Call it the black sheep
of modern sidearms. Call it obscene
. And after going toe-to-toe with a Kevlar
enemy assailant and coming out rattled but nonetheless unscathed, feel free to call it your best friend
The FN Five-seveN, or FN57 for short, was designed by Fabrique-Nationale Herstal while attempting to come up with a new submachine gun and projectile for engagements in the 21st century. It possesses characteristics that set it far apart from most other handguns, and is regarded by most as a bit ahead of its time. To date, it is one of only two small arms designed around the progressive 5.7x28 mm round.
Weighing in at only 1.64 lbs with 20 rounds in the magazine, the gun is nearly a full pound lighter than the 9mm Beretta 92F sporting 15 rounds of 9mm. The gun's light heft can be attributed to its mostly polymer frame. The slide and barrel are both chrome-moly steel. The barrel is two-piece, and moves rearward up to a tenth of an inch upon firing, in a delayed blowback design. Extremely ergonomic, it features nary a hard edge, and the grip is textured for your comfort.
Despite its minimal mass, the gun experiences insignificant muzzle climb. The 5.7x28 mm round is to thank here, as the force required to propel the bullet out of the barrel is one-third less than that of a 9mm round. This, combined with the 20-round magazine, allows faster and more accurate weapon discharge, greatly increasing the odds of hitting the target.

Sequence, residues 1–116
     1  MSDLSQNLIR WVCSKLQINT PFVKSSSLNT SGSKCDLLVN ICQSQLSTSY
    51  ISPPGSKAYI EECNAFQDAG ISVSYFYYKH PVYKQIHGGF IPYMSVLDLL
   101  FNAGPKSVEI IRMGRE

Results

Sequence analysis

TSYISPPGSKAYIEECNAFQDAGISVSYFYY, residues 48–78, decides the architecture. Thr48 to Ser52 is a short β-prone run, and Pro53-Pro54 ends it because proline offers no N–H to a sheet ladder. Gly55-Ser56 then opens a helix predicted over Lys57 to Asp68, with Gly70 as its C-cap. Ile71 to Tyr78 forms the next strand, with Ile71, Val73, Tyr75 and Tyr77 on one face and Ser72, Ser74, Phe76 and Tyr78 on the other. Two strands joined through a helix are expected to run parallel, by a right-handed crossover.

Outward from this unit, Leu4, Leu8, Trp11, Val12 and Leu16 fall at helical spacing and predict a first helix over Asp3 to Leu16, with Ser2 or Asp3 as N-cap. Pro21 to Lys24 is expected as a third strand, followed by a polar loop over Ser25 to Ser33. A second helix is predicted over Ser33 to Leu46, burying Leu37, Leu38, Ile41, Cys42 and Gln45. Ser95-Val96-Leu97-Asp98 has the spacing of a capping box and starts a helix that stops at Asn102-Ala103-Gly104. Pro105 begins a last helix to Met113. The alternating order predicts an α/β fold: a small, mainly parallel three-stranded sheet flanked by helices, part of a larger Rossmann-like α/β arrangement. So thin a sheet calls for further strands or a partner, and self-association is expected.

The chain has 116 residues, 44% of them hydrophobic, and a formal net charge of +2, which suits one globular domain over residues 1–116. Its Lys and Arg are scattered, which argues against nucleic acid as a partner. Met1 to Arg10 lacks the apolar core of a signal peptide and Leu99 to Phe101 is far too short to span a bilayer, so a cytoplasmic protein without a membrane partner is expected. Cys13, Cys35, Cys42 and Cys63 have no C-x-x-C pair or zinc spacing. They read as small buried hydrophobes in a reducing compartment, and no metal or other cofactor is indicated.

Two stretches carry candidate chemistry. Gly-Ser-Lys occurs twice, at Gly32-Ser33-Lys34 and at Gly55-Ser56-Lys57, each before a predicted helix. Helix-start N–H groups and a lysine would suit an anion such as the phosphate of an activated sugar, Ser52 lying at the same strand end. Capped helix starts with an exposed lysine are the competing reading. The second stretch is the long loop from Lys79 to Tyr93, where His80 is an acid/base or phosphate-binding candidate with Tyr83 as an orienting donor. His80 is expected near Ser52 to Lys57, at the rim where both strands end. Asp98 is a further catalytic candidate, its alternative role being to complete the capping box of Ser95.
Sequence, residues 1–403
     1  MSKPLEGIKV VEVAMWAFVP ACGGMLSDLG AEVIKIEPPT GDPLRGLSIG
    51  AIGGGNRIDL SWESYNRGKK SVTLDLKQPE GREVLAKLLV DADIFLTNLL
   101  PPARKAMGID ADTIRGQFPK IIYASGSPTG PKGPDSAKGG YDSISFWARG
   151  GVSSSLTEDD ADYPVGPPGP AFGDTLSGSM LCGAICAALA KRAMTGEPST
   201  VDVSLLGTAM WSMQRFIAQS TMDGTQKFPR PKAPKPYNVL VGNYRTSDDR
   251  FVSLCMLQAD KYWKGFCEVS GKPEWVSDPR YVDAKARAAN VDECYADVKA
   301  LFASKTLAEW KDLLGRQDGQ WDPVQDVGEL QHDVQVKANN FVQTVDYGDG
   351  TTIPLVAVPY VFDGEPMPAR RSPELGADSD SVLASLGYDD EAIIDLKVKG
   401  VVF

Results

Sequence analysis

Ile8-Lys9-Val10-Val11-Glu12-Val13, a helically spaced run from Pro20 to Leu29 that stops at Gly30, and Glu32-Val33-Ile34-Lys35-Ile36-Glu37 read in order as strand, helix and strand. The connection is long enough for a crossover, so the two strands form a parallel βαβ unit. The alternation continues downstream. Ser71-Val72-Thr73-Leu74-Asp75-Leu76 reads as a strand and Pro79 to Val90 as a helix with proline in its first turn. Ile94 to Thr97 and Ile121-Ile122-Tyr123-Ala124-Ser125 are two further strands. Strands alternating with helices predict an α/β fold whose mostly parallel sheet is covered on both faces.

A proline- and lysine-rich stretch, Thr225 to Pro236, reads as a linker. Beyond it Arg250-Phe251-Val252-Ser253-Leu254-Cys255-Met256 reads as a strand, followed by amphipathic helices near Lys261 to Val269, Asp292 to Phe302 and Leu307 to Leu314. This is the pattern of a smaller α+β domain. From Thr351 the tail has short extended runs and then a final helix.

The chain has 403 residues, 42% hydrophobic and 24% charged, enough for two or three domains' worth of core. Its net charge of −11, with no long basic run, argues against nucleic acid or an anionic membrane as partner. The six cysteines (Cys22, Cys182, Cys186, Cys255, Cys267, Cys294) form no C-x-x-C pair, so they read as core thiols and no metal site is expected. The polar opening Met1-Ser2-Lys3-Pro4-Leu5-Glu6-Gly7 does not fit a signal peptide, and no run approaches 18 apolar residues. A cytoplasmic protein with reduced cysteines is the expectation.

The FN57 features a shrouded hammer, decreasing the chance of it snagging. Two models are available, the only difference being the onboard safety mechanisms. The standard model, intended for military use as a secondary weapon, is Double Action Only, and therefore lacks an external safety selector. The Tactical model sports an ambidextrous external safety directly above the trigger. Its trigger is Single Action, and has a lighter and shorter pull than the standard model. The Tactical is intended for Law Enforcement or Special Operations where the weapon will function as a primary means of threat neutralization.
An accessory rail below the muzzle allows attachment of laser sight or flashlights, and the barrel can be equipped with an optional snap-on silencer, manufactured by Gemtech. Such customization no doubt makes it a nice candidate for Special Forces utilization. Its fixed iron sights can be modified for night use, with luminescent targeting dots.
Though the barrel is shorter than the FN P90's, the gun is nonetheless still rated to penetrate PASGT, CRISTAT, and up to 48 layers of Kevlar body armor. Only 10% of the muzzle velocity of the round is compromised by the shorter acceleration distance. It is somewhat sad to realize that if the standard police issue handgun was the FN57, the 1997 North Hollywood bank robbery would have lasted about 4.4 minutes.
As noted in my node on 5.7x28 mm, the terminal ballistics of the round, despite being smaller than the popular 9mm caliber, are theoretically greater. This is on top of its far superior penetrating capabilities, low recoil, and low burden on the person carrying it.
Adoption of the weapon is moving even slower than that of its big brother, but the gun has been tested out by numerous police and military organizations. Due to the fact it is unavailable to civilians for hunting, target shooting, self-defense, or any reason, it is unlikely to see any real world testing for a while.
The standard edition of the FN57 is currently priced under $600 to military and law enforcement agencies.
Ammunition SS190, L191, SB193, T194 5.7x28 mm
Operating mechanism Delayed blowback
Trigger mechanism Double action only (Standard Model), Single Action (Tactical Model)
Safety Type None (Standard Model), Ambidextrous (Tactical Model)
Magazine capacity 20 rounds
Overall length 208mm (8.2 in)
Barrel length 122.5mm (4.82 in)
Weight, unloaded 618g (1.36 lb)
Weight, loaded 744g (1.64 lb)
Pierce PASGT vest: 300 meters
Pierce PASGT helmet: 240 meters
Pierce CRISAT vest: 100 meters
Pierce 48 kevlar layers: 50 meters